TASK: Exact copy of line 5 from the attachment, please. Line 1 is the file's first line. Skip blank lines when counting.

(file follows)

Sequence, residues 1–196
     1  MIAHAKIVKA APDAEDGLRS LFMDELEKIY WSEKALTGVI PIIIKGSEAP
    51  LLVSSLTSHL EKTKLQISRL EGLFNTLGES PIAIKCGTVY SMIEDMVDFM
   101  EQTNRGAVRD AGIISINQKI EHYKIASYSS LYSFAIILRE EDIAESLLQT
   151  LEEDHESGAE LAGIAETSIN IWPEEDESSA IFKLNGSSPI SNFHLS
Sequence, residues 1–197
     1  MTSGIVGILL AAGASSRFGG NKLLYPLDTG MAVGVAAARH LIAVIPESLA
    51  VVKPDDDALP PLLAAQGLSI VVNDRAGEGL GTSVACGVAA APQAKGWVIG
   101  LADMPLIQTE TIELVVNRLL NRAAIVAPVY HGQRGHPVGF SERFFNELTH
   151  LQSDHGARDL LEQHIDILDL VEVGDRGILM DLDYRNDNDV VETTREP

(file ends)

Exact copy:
   151  LEEDHESGAE LAGIAETSIN IWPEEDESSA IFKLNGSSPI SNFHLS